• Examples:
    • Opinions of clinicians about the effectiveness of a treatment protocol
    • Opinions of researchers about important areas still in need of study
    • Editorial opinions
    • Invited commentaries on an article
methods
Methods
  • Articles providing information about the method describe the technique used to collect information.
  • Examples:
    • Techniques used by clinicians to measure the success (or not) of a treatment protocol
    • Techniques used to measure and analyze data in research studies
practice
Practice
  • Review the sample articles provided by the instructor and determine if they provide primarily theory, fact, opinion or methods. Defend your choice.
  • If an article contains many types of information, identify which types and where in the paper these are found.
types of professional literature
Types of Professional Literature
  • Primary sources
  • Secondary sources
primary sources
Primary Sources
  • An original research report
  • Allows the reader to make a judgment about the validity and reliability (credibility) of the research
  • Examples:
    • Journal articles describing original research
    • Theses
    • Dissertations
    • Conference abstracts and proceedings
secondary sources
Secondary Sources
  • Summarize own work or work of others
    • Organize the literature for the reader
    • Provide primary references
  • Examples:
    • Book chapters
    • Literature review journal articles
practice18
Practice
  • Review the sample articles provided by the instructor and determine if they are primarily primary of secondary sources. Defend your choice.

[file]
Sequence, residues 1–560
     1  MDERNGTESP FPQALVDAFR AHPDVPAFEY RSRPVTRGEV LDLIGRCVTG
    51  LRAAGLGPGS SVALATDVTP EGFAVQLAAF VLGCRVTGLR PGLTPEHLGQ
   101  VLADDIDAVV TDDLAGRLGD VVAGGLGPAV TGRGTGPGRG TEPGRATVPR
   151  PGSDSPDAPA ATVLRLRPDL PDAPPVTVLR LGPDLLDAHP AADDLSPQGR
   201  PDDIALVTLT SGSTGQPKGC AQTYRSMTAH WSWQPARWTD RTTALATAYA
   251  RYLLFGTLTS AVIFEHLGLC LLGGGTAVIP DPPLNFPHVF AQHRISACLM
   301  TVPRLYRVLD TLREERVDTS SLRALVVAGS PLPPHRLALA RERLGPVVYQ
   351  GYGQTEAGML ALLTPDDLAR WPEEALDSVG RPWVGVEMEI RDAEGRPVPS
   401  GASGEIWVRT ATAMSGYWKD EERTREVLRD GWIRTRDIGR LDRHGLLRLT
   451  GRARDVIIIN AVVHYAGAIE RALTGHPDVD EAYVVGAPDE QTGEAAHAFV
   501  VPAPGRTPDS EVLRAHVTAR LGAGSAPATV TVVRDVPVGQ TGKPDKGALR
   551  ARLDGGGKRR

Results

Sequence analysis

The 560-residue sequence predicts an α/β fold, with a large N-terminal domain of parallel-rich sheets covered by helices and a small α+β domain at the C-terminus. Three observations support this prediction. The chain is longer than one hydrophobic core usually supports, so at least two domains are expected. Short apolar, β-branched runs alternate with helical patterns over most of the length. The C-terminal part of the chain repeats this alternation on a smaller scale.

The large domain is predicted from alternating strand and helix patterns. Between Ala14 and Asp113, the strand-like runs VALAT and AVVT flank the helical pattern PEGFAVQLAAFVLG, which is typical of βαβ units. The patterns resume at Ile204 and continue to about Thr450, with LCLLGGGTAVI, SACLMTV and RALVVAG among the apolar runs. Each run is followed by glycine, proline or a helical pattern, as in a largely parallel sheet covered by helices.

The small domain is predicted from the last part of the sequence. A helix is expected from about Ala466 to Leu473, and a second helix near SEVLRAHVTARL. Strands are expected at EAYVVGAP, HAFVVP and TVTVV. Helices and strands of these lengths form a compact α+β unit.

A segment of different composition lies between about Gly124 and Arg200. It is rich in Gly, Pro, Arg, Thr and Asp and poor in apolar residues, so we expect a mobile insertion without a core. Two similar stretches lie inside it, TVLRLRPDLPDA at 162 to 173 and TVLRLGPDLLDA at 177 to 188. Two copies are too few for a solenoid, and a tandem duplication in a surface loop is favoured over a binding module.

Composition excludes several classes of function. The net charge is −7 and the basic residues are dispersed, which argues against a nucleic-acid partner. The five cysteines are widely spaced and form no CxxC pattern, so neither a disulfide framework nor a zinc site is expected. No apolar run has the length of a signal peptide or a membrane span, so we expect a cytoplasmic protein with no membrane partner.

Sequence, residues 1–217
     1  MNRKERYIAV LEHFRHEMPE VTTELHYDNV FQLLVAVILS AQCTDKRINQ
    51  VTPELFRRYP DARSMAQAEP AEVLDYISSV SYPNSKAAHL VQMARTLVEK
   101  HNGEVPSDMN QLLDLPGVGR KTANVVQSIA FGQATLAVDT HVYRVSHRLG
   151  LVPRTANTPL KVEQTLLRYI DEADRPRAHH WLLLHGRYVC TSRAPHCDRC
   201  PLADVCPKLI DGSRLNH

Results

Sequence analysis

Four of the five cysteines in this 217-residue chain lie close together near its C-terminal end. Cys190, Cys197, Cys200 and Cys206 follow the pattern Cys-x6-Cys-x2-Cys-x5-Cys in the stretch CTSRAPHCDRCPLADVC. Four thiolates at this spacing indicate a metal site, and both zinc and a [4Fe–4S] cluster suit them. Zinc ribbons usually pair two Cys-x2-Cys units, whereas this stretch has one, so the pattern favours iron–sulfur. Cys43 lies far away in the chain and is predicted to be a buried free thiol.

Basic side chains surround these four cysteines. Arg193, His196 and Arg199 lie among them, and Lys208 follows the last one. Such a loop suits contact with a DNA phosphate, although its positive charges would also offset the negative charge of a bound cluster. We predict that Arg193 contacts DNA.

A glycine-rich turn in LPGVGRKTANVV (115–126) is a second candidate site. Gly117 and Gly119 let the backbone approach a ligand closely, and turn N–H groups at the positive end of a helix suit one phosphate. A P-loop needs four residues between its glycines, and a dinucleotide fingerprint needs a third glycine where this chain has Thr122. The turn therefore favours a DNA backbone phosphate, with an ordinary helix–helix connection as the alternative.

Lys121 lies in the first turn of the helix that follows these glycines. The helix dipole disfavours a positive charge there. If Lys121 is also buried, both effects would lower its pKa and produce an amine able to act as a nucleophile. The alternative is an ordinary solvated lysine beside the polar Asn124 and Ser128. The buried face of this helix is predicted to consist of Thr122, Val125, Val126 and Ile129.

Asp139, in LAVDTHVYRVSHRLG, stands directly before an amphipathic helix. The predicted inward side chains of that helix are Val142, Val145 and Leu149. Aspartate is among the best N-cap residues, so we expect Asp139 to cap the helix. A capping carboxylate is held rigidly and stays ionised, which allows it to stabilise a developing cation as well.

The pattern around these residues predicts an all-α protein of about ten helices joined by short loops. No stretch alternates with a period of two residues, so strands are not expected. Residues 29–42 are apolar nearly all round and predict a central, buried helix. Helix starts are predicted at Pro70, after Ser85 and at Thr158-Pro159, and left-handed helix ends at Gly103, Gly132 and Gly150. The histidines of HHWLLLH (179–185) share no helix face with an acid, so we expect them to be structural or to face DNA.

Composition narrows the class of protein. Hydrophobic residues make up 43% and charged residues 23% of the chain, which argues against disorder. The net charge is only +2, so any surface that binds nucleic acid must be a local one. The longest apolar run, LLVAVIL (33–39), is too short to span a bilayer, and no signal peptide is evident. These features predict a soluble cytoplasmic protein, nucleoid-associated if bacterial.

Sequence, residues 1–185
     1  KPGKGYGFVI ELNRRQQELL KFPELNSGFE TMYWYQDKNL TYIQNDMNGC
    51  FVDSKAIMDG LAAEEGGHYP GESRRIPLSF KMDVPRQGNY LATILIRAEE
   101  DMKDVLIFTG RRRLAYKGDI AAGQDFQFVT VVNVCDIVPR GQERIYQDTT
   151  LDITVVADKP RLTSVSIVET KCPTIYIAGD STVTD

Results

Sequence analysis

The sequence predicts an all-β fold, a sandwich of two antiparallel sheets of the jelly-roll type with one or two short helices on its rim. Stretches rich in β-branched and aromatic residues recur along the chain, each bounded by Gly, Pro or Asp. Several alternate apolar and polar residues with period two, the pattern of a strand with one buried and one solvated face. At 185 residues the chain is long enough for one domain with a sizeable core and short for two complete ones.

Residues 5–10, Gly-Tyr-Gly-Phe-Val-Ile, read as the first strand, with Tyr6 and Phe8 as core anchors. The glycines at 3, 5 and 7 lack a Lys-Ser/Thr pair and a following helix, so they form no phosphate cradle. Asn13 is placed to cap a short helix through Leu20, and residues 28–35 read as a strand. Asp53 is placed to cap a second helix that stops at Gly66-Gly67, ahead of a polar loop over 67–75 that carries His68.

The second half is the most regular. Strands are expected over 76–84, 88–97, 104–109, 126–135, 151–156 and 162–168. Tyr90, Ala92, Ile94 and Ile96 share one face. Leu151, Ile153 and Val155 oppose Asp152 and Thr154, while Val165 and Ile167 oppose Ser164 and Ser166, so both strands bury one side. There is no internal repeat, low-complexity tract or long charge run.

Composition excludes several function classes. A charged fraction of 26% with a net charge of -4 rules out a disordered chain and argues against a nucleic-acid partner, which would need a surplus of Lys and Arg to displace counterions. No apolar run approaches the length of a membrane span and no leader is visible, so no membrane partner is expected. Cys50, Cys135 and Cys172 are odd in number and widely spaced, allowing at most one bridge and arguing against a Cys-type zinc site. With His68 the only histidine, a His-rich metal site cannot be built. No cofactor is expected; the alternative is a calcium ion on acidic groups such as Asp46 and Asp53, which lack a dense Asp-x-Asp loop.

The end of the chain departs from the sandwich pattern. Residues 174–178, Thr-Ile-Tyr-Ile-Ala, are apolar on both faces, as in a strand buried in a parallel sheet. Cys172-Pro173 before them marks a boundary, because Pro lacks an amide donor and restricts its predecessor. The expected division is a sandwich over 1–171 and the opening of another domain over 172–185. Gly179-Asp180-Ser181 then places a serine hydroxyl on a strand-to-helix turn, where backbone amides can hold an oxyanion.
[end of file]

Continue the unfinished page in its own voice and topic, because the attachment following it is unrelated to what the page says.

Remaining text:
• (a) Where, in a primary source, will you find secondary sources cited? (b) What is the difference between this and a secondary source?
focused literature search
Focused Literature Search
  • Conducted for a specific purpose or to answer a specific question
  • Examples:
    • To plan care for individual patients
    • To evaluate existing programs
    • To develop research proposals
search tools
Search Tools
  • Your own books and journals
  • Library holdings
  • Single-journal indexes
  • Multiple-journal databases
  • Dissertation and thesis databases
  • Conference papers and proceedings databases
  • Human resources
using a single article to further your search
Using a Single Article to Further Your Search
  • Backwards: look at references to see related articles on same topic; yields older articles
  • Forward: Science Citation Index will yield articles written after that have cited this paper as a reference
  • Sideways: (via electronic citations)
    • Related-record searching
    • Using keyword or subject headings
ongoing literature search
Ongoing Literature Search
  • Single-journal contents scanning
  • Multiple-journal contents scanning
  • Multiple-journal reviews
  • Focused database scanning
single journal contents scanning
Single-Journal Contents Scanning
  • Table of contents
  • Book reviews
  • Journal article reviews/abstracts
multiple journal contents scanning
Multiple-Journal Contents Scanning
  • Electronically access table of contents of several journals
    • JAMA
  • Current Contents
    • Current Contents: Clinical Medicine
    • Current Contents: Life Sciences
multiple journal reviews
Multiple-Journal Reviews
  • References that:
    • Inform the practitioner of new articles
    • Assess the potential value of an article
  • Physical Therapy in Perspective
    • Hard copy available by subscription
  • ACP (American College of Physicians) Journal Club
    • Focuses on “evidence-based” literature
  • Example: APTA Book & Literature Review
focused database scanning
Focused Database Scanning
  • Regular scanning of relevant databases:
    • Your own books and journals
    • Library holdings
    • Single-journal indexes
    • Multiple-journal databases
    • Dissertation and thesis databases
    • Conference papers and proceedings databases
obtaining literature items
Obtaining Literature Items
  • Library holdings
  • Interlibrary loan
  • Full text retrieval via the Internet
  • Document delivery systems
  • Reprints from authors
  • Purchase of back issues of a journal from the publisher
  • Network of professional colleagues